It’s a journey that American pop culture creators and curators have repeatedly taken as the Black Lives Matter movement has brought renewed attention to white privilege and called out once-common racists tropes. Much of the focus has been on TV episodes featuring blackface. Creators of “30 Rock,” “The Golden Girls,” “Saturday Night Live” and “The Office” have all removed from circulation offensive episodes. This year thousands of ice cream trucks that for decades churned out “Turkey in the Straw” have been reprogrammed to delete a work whose roots stretch to an 1830s-era song called “Zip Coon.”
Princeton’s Barnes says that the question of deleting the records from the Dust-to-Digital collection is complicated. She understands the company’s decision, but there’s a danger in jumping past difficult conversations.
“Part of what it means to take social movements like Black Lives Matter seriously is to sit with the uncomfortable reality that some of the most soothing, beautiful and catchy sounds of the American songbook, from Stephen Foster to folk to country, were born of this struggle,” she says.
“We cannot skip the needle over the violent and racist pressure cooker of Jim Crow America — a historical era named for the most famous blackface minstrel character — and ignore the harrowing context in which these songs and records were pressed,” Barnes adds.
Artists such as Mississippi John Hurt and Blind Lemon Jefferson, both of whom are featured on the collection, endured government-sanctioned hate from white society on a daily basis, Barnes continues. “Jim Crow’s ever-watchful and menacing eye shaped the contours and material conditions of their music. The casualness of the racial slurs on the three tracks represents the painful everyday reality millions of Black Americans lived. There is a danger to sanitizing cultural history if we lose sight of that.”
Barnes doesn’t blame the label, though, saying that "[t]he impulse to remove offensive language, caricatured imagery and derogatory slurs is likely coming from a place of wanting to make Black music lovers, makers, and listeners feel welcomed and safe with a record label indebted to Black musical genius.”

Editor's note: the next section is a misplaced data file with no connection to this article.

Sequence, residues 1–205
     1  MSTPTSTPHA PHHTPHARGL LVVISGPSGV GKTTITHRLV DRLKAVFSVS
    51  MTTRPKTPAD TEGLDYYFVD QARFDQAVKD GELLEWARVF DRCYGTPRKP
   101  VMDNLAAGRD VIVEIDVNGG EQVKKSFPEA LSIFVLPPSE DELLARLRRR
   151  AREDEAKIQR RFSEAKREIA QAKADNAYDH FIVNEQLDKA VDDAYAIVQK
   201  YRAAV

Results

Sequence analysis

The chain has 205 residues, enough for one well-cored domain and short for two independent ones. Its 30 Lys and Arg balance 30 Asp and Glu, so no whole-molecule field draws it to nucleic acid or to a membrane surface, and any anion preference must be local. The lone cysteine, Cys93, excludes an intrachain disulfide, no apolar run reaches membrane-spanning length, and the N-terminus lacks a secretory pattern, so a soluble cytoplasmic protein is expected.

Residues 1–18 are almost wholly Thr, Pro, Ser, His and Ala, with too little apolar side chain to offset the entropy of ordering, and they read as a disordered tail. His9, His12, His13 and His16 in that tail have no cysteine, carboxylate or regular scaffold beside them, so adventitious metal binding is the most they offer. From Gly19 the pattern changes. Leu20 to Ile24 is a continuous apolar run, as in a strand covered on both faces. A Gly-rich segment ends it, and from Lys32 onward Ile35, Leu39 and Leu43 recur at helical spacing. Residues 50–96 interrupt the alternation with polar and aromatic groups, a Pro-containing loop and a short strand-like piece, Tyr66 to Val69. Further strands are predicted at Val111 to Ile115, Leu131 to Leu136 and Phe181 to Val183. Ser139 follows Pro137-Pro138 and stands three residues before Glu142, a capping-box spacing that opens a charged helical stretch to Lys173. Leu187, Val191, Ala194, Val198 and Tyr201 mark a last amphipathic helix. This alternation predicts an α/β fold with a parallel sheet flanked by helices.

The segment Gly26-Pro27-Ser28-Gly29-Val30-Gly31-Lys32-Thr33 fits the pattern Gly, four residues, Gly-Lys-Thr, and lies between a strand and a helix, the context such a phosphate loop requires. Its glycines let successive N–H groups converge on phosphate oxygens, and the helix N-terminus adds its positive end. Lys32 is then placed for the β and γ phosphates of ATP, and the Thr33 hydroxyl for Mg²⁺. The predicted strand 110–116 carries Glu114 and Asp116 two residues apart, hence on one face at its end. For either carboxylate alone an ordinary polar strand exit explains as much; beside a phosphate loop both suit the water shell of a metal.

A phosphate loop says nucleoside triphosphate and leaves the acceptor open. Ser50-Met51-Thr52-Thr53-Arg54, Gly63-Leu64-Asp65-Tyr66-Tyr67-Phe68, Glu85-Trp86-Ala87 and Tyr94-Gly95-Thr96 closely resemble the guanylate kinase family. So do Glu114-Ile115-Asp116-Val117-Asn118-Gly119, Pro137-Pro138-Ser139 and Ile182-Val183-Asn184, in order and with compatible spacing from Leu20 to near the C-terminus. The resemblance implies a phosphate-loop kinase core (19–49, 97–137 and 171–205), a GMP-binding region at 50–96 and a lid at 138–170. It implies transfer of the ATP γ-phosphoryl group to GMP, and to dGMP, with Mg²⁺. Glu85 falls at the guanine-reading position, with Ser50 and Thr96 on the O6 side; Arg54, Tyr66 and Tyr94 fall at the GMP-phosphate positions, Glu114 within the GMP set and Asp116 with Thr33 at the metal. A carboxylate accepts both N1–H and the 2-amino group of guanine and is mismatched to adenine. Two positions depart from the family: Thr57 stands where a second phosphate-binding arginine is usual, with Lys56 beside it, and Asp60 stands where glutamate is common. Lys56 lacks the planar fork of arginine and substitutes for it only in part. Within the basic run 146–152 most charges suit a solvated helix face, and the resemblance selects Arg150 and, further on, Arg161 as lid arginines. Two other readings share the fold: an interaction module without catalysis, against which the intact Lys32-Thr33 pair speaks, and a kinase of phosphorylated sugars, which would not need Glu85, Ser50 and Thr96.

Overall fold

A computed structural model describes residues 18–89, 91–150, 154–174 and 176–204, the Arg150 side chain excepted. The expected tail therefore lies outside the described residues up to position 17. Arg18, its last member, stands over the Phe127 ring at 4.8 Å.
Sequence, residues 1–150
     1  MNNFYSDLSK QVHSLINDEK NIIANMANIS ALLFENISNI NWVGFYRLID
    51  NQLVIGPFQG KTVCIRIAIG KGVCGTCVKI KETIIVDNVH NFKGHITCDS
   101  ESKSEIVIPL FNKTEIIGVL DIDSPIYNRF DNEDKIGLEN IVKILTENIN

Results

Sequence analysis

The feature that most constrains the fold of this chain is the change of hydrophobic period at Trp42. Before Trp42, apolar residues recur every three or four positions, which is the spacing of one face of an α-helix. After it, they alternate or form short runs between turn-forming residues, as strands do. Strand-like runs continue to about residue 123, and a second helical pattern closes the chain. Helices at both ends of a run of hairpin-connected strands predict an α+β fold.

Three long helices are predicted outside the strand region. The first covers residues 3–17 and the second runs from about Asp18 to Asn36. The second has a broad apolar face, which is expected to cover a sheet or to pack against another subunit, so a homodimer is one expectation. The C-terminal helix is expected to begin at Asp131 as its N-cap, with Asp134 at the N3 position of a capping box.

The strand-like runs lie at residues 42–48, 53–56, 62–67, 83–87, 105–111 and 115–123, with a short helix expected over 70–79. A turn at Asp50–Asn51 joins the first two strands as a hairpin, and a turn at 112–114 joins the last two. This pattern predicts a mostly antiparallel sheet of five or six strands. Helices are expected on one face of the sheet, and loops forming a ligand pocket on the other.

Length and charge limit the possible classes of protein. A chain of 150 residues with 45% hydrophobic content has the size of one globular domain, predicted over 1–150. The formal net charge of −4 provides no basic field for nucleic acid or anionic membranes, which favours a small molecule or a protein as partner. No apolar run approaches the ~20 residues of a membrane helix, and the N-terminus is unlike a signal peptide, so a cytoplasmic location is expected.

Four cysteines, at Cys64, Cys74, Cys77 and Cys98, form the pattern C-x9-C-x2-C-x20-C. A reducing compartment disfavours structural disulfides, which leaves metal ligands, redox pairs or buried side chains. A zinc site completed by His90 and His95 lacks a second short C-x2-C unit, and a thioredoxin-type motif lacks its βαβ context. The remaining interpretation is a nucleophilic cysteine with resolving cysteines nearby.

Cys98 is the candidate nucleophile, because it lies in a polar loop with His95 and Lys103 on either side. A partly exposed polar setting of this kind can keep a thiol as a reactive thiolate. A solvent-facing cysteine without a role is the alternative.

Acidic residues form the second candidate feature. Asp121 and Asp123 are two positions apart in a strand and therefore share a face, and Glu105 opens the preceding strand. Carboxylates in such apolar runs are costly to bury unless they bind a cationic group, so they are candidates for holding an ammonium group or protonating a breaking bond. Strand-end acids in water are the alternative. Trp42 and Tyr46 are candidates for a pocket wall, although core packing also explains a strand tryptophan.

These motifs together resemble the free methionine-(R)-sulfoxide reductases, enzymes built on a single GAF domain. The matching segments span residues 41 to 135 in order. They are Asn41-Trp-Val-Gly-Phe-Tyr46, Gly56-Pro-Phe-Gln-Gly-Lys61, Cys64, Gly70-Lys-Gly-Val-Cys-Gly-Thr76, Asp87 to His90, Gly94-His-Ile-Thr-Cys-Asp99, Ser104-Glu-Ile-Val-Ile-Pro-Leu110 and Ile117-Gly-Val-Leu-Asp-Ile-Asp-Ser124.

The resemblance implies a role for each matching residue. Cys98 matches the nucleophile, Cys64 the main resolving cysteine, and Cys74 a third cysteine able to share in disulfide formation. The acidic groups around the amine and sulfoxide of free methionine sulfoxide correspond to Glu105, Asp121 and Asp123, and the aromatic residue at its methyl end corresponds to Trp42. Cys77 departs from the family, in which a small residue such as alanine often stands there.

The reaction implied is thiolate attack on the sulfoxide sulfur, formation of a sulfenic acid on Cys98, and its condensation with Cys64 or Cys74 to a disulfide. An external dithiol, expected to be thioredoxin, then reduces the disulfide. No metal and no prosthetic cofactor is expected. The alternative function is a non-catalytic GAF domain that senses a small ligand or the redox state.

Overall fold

Still, she predicts that the company’s dilemma won’t disappear. “We will undoubtedly see more of these editorial choices from private, white-owned record labels as they grapple with how to respond to Black Lives Matter responsibly and with compassion.”
Flemons, who is Black, has taken a different tact when he plays these songs. He leans into the music’s complicated lyrics and language. “I’m a definite believer of presenting the raw parts of American culture through its original form. With 78 recordings, you can’t undo what was done.”
Citing one of the offending songs, Flemons stresses that scholarship and commerce have different aims, though. “Bill and Belle Reed’s version of ‘You Shall Be Free’ has the N-bomb. As a historical document, I can accept it for what it is at face value. But I don’t necessarily feel that Lance has to present this particular song when he’s trying to reach a much broader audience.”
The key, adds Barnes, is education. She suggests the label consider accompanying social media threads that provide more historical context, or create a landing page that offers educators tools to responsibly teach the content in the classroom.
It’s important to pull back the conversation further, as well, Flemons adds, to absorb contemporary music on platforms such as Spotify: “Most hip-hop has so much more of the N-word. I think that we really need to have a bigger conversation about all use of the N-bomb all over the place.”
Ledbetter has no regrets about their move, even if it cut into their profits to redo parts of the set and meant that they paid to fully restore a trio of racist recordings that ended up being removed. “Those tracks sound the best they possibly can. Why would we want to spotlight them?”